This Week in South Florida is to local politics what NBC's Meet the Press is to national politics: a place where major figures must face tough questions from an informed, skeptical interviewer. That's Putney, an old-fashioned newsman in the tradition of PBS' Jim Lehrer. Now in his 28th year in South Florida television, Putney has no patience for the equivocation and platitudes that sneaky politicians use to duck questions. It's no use declining his invitation — Putney will tell that to his viewers, who will then wonder whether the person has something to hide. On the contentious issue of the new Marlins stadium, Putney took the hard, common-sense line: If fans aren't going to the current stadium, why would they go to the new one? And aren't there more worthy investments? The closing segment, "Putney Perspective," is devoted to an issue of immense local importance or to chastise a public servant who didn't do his duty. In one recent broadcast, Putney gave the name of the police officer who failed to show up for a court appearance, allowing a drunk driver to get back behind the wheel only to plow into a minivan and kill three children. Putney demands accountability from anyone in a position of power — from the traffic cop to the Florida governor.

Sometimes you can hear the whispers around the Broward County Courthouse, and they come in voices that tremble: Carmel Cafiero is about to come out with a new report. It was Cafiero, the orange-haired muckraker for WSVN (Channel 7), who broke stories about former Judge Robert Zack's bad debts and who once followed Judge Larry Seidlin around for a few days to discover that the guy spends more time on the tennis court than in the courtroom. In short, she loves to get down into the dirt and dig. The downside to Cafiero is that she's known to pull punches — and drop entire investigative reports — at the behest of her sometimes nervous bosses. But when it comes to hard-hitting TV news reporting, she's the best we've got by a long shot.

Behind the bland façades lining University Drive from Copans to Sunrise boulevards, a diverse and inspired bunch of shop owners and restaurateurs is doing great and sometimes even transcendent work that hardly anyone knows about. Walking this stretch, you may eat ridiculously proportioned Korean entrées at Gabose, take a mind-melting trip through Tate's Comics, giggle at the dissident art hanging upstairs in the Bear and Bird Boutique + Gallery, and satisfy your spouse's annoying vegan palate at the meatless Indian joint Woodlands. Broward's pretensions to urbanity have always come off as a little derivative, but out here, this stretch of University is groping its way toward a vibrant identity of its own.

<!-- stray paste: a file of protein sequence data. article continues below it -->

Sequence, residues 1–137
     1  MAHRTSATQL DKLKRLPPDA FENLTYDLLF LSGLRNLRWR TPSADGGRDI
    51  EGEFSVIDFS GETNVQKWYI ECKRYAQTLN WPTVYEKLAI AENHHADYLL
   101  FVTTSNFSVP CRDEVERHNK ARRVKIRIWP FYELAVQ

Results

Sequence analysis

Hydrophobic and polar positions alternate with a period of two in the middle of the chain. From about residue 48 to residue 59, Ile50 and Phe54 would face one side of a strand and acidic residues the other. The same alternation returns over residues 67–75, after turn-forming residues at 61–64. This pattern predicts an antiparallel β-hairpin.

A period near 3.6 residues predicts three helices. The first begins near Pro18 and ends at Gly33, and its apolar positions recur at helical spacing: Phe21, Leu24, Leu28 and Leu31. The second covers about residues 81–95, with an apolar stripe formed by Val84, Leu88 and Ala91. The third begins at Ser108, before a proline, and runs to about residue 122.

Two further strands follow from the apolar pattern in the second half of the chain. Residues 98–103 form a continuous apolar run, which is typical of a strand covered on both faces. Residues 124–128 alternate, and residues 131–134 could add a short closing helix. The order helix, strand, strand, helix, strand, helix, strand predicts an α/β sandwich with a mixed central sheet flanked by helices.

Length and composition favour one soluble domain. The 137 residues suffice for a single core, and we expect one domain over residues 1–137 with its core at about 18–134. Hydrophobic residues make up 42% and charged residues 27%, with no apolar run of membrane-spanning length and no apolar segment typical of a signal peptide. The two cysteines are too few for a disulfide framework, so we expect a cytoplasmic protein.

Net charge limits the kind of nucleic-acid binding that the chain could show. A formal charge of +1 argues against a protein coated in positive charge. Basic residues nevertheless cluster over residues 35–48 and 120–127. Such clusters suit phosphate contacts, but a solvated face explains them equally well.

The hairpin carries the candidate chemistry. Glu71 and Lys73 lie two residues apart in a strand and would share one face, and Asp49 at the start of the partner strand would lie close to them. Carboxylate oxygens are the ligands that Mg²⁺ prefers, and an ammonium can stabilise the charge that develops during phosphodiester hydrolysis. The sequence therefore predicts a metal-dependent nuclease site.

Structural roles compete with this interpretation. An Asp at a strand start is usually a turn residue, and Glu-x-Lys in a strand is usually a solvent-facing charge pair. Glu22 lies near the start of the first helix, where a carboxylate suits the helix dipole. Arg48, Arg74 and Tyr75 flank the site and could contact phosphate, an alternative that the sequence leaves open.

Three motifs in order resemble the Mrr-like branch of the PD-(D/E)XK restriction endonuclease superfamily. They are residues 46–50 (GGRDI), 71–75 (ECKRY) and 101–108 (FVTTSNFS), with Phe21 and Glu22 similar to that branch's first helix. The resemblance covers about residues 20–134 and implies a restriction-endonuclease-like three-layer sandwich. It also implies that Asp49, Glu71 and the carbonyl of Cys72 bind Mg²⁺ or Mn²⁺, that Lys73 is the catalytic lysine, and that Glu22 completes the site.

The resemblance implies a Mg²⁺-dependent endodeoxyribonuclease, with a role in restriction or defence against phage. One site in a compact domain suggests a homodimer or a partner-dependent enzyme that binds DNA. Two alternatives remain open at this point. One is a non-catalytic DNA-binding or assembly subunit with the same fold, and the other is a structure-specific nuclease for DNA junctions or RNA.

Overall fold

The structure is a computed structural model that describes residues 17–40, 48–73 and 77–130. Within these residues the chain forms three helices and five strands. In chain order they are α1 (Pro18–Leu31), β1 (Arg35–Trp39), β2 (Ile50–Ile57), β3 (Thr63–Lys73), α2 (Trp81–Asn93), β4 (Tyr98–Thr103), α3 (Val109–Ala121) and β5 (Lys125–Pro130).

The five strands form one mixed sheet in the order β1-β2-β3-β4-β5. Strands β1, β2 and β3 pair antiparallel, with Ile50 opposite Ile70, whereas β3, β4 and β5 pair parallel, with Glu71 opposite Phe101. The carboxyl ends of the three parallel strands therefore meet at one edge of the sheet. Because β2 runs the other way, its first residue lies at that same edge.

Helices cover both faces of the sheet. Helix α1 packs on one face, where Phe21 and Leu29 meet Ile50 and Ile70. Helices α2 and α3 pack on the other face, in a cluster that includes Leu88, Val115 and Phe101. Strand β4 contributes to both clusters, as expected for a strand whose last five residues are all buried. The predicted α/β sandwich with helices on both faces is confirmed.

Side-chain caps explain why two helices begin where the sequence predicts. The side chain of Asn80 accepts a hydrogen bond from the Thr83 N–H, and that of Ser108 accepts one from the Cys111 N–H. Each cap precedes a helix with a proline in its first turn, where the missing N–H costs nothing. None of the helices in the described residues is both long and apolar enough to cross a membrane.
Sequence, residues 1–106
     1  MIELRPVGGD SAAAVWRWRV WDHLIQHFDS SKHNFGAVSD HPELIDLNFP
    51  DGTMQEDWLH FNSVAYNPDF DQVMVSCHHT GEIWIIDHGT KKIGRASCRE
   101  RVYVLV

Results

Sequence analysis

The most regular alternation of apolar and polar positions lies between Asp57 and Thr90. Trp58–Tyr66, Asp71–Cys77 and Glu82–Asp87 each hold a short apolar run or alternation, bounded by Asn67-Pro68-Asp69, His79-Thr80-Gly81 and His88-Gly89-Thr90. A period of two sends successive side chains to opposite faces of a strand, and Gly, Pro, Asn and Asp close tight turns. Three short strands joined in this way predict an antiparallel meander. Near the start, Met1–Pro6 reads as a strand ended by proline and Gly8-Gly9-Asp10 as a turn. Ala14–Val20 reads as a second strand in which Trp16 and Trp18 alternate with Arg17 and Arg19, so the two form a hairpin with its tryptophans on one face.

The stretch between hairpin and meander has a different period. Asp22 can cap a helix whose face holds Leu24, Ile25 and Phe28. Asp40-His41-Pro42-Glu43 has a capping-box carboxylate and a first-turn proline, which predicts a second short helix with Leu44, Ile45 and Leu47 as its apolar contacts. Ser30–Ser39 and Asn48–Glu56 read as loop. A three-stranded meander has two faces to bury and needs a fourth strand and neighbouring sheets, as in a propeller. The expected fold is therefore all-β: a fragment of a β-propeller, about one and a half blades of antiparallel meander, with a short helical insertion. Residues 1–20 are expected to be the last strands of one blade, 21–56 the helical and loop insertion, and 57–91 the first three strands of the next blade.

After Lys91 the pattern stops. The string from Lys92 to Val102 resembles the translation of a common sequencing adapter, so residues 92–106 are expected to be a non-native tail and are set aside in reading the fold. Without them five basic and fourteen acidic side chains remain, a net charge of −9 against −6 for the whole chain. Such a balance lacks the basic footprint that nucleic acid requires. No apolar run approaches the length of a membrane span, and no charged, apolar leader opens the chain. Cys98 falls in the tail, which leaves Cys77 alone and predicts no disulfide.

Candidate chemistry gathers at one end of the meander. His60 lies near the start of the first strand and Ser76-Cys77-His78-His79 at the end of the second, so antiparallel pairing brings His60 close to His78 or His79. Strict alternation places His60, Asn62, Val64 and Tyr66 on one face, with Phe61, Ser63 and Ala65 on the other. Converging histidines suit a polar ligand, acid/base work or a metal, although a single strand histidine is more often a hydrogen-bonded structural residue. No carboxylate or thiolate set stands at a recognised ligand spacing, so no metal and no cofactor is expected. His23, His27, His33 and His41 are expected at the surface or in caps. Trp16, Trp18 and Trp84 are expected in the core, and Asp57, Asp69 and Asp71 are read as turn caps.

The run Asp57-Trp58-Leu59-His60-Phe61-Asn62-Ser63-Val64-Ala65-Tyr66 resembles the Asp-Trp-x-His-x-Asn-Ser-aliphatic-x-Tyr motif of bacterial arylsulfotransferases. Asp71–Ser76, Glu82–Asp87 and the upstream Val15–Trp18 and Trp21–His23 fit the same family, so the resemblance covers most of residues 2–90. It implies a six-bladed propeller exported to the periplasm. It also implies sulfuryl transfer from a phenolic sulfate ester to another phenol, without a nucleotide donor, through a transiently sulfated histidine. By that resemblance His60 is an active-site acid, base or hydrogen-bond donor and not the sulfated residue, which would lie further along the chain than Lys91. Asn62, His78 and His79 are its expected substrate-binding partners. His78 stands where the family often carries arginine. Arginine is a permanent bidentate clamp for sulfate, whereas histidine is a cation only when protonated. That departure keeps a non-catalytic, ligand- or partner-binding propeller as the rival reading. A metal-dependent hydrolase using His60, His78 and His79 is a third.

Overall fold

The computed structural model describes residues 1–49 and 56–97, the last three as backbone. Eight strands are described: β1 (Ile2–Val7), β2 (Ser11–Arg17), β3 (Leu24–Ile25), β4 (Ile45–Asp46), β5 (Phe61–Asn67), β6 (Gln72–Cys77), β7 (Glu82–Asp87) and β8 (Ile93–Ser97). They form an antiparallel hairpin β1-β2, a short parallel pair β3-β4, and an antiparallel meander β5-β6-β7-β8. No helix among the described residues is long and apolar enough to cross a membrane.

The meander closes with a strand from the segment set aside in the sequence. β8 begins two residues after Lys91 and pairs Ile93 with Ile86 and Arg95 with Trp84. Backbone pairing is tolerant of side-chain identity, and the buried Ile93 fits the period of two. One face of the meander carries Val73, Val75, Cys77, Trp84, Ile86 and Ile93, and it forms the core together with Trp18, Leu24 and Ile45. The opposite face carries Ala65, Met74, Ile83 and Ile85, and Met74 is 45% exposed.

Here's what the weather will be like tomorrow, South Florida: Between 72 and 86 degrees, chance of rain or hurricane. It doesn't make for a terribly exciting weather report. So a truly great South Florida weathercaster must be well-versed in the nuances of climatology studies and be able to translate the complex, multifaceted meteorological algorithms into digestible forecasts that will keep people tuning in. Julie Durda might be able to do those things. But it doesn't matter, because Durda is hotter than the sun itself. The former San Francisco 49ers cheerleader and Bachelor contestant makes sure WSVN (Channel 7) viewers always wake up to a warm front. Her smile. Her hair. Her legs. Her adorable skirts. Julie could have a map of Pakistan behind her while she reads from Charlotte's Web and it would still give every viewer an extended forecast. So it doesn't matter what the sky will look like tomorrow. As long as Julie Durda's on the screen, there's no need to go outside.

This county is home to some of the world's richest, most famous, most jealously private people, but they're all at the mercy of any commoner with an internet connection. Basically, the Palm Beach County Property Appraiser's website is tax-funded voyeurism. Pop a famous name into the database and it will spit out the street address, the sale price, the current appraised value, and the dimensions of the region's most exclusive residences. Conservative commentator Ann Coulter managed to convince the county that it should unlist her address, ostensibly on the basis that her personality made her an inviting assassination victim. But curious people can still find out that she paid $1.8 million for a relatively modest 3,000-square-foot home on the island. One can find the exact location of such contemptible creatures as Rush ("R H" in the database) Limbaugh, Jeffrey Epstein, and Bernard Madoff (who listed his place under wife Ruth's name). But the best feature is the button for maps. With an aerial view of each parcel, a nosy soul can click his or her way around the neighborhood to see whether the Joneses overpaid for their home or whether the Baxters embellished their square footage at the dinner party. And who is that strange man down the block — a harmless loner or a sex offender? Pull his name from the appraiser's site, then let Google perform the background search. When it comes to snooping on the neighbors, it's a whole lot better than hiding in the hedges.